Hydraulic fracture optimization using hydraulic fracture and reservoir modeling in the Piceance Basin, Colorado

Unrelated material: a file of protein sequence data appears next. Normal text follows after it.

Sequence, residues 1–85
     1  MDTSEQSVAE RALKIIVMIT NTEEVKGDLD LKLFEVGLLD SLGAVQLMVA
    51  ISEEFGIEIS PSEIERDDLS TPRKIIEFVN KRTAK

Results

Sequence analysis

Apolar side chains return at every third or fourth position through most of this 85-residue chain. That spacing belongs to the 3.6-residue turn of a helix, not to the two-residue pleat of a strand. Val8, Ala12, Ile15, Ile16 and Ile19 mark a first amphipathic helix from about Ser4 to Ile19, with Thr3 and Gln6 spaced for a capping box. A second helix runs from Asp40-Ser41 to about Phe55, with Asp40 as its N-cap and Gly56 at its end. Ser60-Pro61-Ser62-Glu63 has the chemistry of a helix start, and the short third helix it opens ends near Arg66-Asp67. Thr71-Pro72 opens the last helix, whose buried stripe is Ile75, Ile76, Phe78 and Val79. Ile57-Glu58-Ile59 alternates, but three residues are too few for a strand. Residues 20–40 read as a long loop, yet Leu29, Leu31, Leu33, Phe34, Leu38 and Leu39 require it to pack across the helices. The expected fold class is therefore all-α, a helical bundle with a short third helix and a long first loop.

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Hydraulic fracturing is an important stimulation method for producing unconventional gas reserves. Natural fractures are present in many low-permeability gas environments and often provide important production pathways for natural gas. The production benefit from natural fractures can be immense, but it is difficult to quantify. The Mesaverde Group in the Piceance Basin in Colorado is a gas producing reservoir that has low matrix permeability but is also highly naturally fractured. Wells in the Piceance Basin are hydraulically fractured, so the production enhancements due to natural fracturing and hydraulic fracturing are difficult to decouple. In this thesis, dipole sonic logs were used to quantify geomechanical properties by combining stress equations with critically-stressed faulting theory. The properties derived from this log-based evaluation were used to numerically model hydraulic fracture treatments that had previously been pumped in the basin. The results from these hydraulic fracture models, in addition to the log-derived reservoir properties were used to develop reservoir models. Several methods for simulating the reservoir were compared and evaluated, including layer cake models, geostatistical models, and models simulating the fracture treatment using water injection. The results from the reservoir models were compared to actual production data to quantify the effect of both hydraulic fractures and natural fractures on production. This modeling also provided a framework upon which completion techniques were economically evaluated.